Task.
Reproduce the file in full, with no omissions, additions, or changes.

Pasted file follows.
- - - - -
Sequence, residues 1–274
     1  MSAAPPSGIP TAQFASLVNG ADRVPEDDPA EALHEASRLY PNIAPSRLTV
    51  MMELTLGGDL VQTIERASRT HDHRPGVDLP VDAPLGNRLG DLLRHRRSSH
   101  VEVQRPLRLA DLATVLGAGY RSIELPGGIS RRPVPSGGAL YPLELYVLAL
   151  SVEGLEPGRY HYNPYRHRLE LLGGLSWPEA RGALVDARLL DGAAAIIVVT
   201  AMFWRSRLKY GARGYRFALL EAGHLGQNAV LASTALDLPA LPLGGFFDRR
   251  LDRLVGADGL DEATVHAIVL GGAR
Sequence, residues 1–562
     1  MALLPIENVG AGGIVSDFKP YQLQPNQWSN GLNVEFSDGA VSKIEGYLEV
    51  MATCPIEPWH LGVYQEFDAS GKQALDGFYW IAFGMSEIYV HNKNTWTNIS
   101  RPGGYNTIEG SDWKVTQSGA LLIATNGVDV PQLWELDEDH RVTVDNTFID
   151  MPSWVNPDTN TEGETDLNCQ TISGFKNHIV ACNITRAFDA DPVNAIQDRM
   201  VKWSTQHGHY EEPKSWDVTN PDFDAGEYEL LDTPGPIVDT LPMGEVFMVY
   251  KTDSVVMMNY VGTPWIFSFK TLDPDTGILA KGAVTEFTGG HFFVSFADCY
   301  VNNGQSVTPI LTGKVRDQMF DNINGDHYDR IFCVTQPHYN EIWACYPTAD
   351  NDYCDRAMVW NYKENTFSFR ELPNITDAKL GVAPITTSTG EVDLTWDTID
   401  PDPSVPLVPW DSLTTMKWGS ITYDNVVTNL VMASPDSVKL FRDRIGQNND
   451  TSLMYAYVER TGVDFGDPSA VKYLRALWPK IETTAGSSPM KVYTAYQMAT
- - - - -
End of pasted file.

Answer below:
Sequence, residues 1–274
     1  MSAAPPSGIP TAQFASLVNG ADRVPEDDPA EALHEASRLY PNIAPSRLTV
    51  MMELTLGGDL VQTIERASRT HDHRPGVDLP VDAPLGNRLG DLLRHRRSSH
   101  VEVQRPLRLA DLATVLGAGY RSIELPGGIS RRPVPSGGAL YPLELYVLAL
   151  SVEGLEPGRY HYNPYRHRLE LLGGLSWPEA RGALVDARLL DGAAAIIVVT
   201  AMFWRSRLKY GARGYRFALL EAGHLGQNAV LASTALDLPA LPLGGFFDRR
   251  LDRLVGADGL DEATVHAIVL GGAR
Sequence, residues 1–562
     1  MALLPIENVG AGGIVSDFKP YQLQPNQWSN GLNVEFSDGA VSKIEGYLEV
    51  MATCPIEPWH LGVYQEFDAS GKQALDGFYW IAFGMSEIYV HNKNTWTNIS
   101  RPGGYNTIEG SDWKVTQSGA LLIATNGVDV PQLWELDEDH RVTVDNTFID
   151  MPSWVNPDTN TEGETDLNCQ TISGFKNHIV ACNITRAFDA DPVNAIQDRM
   201  VKWSTQHGHY EEPKSWDVTN PDFDAGEYEL LDTPGPIVDT LPMGEVFMVY
   251  KTDSVVMMNY VGTPWIFSFK TLDPDTGILA KGAVTEFTGG HFFVSFADCY
   301  VNNGQSVTPI LTGKVRDQMF DNINGDHYDR IFCVTQPHYN EIWACYPTAD
   351  NDYCDRAMVW NYKENTFSFR ELPNITDAKL GVAPITTSTG EVDLTWDTID
   401  PDPSVPLVPW DSLTTMKWGS ITYDNVVTNL VMASPDSVKL FRDRIGQNND
   451  TSLMYAYVER TGVDFGDPSA VKYLRALWPK IETTAGSSPM KVYTAYQMAT